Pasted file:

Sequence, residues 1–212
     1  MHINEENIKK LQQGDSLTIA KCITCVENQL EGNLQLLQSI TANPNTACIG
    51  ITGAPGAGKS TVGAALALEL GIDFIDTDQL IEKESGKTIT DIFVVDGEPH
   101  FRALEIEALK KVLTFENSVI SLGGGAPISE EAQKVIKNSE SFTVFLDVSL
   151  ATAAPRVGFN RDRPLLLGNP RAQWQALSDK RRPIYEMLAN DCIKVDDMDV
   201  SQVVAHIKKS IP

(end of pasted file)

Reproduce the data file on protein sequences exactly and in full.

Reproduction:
Sequence, residues 1–212
     1  MHINEENIKK LQQGDSLTIA KCITCVENQL EGNLQLLQSI TANPNTACIG
    51  ITGAPGAGKS TVGAALALEL GIDFIDTDQL IEKESGKTIT DIFVVDGEPH
   101  FRALEIEALK KVLTFENSVI SLGGGAPISE EAQKVIKNSE SFTVFLDVSL
   151  ATAAPRVGFN RDRPLLLGNP RAQWQALSDK RRPIYEMLAN DCIKVDDMDV
   201  SQVVAHIKKS IP